American Woodcock

Calling an American Woodcock a “shorebird” is perhaps a little misleading. Although this bird is related 
to others that do inhabit coastal areas, the American Woodcock is 
an inland bird which often inhabits young forests and abandoned
 fields. During the breeding season, male woodcocks perform courtship displays, which involve the birds spiraling up into the sky
before a rapid, circling descent back to the very field from which they flew. This display produces a chirping, non-vocal sound referred to as “twittering”. On the ground, the woodcock gives a “peent” call similar to the Common Nighthawk, though of a more nasally quality. This call and display can be heard both after sunset and sometimes into the night. American Woodcock nests are typically constructed on the ground in young, mixed woodlands composed of as birch, aspen, and spruce. Incubating females are well-camouflaged to blend into the leaf litter, as are recently hatched young. Young woodcocks are initially fed by the female parent, but quickly begin probing the ground for food on their own. These young birds become independent around 35-40 days after hatching.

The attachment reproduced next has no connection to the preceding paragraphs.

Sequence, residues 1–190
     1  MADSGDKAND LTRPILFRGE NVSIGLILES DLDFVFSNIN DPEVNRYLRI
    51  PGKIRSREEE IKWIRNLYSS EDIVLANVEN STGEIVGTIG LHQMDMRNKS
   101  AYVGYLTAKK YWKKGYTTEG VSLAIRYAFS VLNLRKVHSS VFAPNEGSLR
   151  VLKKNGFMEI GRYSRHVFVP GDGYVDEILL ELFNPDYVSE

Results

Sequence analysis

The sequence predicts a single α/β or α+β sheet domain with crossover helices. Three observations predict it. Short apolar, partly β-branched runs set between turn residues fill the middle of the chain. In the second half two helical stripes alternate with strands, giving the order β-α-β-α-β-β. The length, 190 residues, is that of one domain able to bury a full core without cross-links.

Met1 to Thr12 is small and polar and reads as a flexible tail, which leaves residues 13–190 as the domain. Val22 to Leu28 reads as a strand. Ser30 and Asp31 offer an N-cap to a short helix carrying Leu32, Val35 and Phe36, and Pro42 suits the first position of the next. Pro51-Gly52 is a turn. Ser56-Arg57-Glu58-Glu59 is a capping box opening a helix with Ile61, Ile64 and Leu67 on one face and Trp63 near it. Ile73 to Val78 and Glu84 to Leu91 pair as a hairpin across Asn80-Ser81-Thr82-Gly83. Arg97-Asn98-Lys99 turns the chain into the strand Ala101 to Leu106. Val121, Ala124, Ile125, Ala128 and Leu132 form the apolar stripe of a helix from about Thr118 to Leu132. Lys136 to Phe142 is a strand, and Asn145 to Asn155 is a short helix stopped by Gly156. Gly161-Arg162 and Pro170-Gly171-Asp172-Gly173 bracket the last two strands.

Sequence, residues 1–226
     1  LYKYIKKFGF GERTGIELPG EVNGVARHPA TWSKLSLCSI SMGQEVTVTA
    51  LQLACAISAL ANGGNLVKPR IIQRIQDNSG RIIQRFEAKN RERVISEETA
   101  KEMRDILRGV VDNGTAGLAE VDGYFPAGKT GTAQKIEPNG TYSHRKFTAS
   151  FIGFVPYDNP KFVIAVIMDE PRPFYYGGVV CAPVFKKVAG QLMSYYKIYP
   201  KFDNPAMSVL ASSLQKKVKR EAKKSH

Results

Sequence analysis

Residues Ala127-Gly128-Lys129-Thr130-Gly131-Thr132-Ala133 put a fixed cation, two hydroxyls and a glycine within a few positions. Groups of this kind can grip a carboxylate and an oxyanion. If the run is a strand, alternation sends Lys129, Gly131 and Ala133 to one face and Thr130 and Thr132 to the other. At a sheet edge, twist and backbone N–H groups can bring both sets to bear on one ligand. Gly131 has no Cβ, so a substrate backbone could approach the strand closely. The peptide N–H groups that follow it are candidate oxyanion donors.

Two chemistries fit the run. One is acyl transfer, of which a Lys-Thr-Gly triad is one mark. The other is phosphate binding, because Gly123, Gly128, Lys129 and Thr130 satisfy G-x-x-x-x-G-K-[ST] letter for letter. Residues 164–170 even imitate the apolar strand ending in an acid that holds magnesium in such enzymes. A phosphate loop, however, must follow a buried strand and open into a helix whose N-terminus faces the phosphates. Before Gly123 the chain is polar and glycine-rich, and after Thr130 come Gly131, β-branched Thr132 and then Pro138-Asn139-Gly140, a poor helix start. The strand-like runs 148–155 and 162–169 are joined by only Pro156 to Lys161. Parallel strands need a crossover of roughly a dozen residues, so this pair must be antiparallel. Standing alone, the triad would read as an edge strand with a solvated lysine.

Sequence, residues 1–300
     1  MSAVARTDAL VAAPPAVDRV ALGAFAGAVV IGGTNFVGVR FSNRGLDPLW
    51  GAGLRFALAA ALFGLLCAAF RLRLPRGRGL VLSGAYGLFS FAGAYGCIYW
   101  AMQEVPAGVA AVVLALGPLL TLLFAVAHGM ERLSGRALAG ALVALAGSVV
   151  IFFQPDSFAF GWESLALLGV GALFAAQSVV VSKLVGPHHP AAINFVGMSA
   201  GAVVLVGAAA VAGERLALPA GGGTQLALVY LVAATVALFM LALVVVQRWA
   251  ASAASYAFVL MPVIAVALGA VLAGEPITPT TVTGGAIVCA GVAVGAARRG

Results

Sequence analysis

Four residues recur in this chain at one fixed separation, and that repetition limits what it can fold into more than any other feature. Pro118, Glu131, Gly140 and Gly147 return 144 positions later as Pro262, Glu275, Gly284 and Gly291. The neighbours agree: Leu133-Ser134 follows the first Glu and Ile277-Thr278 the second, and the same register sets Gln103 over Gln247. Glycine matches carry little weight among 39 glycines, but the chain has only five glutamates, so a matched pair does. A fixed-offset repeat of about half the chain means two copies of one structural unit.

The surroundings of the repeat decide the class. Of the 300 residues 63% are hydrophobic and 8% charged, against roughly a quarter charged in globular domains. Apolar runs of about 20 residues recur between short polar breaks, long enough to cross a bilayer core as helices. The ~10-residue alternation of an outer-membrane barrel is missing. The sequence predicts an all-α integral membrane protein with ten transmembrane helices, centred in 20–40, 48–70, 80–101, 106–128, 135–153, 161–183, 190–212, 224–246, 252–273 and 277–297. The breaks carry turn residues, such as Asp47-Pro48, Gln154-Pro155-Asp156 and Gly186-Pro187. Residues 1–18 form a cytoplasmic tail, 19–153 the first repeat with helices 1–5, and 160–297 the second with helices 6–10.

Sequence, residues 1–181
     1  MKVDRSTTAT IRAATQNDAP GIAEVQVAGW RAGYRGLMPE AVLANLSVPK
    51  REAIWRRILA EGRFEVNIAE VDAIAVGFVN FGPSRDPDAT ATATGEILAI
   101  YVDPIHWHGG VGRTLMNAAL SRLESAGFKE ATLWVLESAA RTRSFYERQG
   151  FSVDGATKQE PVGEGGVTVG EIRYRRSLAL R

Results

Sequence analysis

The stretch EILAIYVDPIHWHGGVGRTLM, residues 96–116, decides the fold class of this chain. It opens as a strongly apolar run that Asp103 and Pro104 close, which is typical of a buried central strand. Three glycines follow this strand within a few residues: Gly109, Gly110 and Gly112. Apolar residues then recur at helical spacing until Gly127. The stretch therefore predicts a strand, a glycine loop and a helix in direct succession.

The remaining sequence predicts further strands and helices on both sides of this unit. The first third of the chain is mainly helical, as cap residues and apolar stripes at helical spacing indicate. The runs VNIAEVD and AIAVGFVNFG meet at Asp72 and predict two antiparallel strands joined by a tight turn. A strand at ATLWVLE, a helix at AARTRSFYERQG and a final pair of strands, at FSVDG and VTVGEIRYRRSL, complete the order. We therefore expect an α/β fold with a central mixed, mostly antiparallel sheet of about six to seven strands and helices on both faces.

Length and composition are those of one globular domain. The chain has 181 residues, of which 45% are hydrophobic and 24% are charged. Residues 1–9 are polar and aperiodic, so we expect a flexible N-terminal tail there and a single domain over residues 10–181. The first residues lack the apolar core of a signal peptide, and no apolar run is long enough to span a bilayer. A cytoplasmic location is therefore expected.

Safe Dates: April 15th to July 25th (applicable for only the S or H codes).


Breeding Evidence: If you hear an American Woodcock give its “peent” call within the safe dates, use code S. The simplest way to upgrade this to a “Probable Breeder” is to listen again at the same location 7 or more days later to upgrade the code to S7. If you see or hear the twittering flight courtship display performed by the male, use code C. Males performing court-ship displays from singing grounds can be fairly close together. If 7 or more calling American Woodcocks are heard in these scenarios, use code M. Young American Woodcocks leave the nest and beginning probing for food on their own within just a few days of hatching. If you encounter young woodcocks foraging in your block, as long as they are not capable of strong flight, you can use code FL.

Image courtesy of Dave Ellis. 

Audio courtesy of Melani Sleder and Andrew Spencer

© 2019 Logan Parker

The Maine Nightjar Monitoring Project is a part of the Maine Natural History Observatory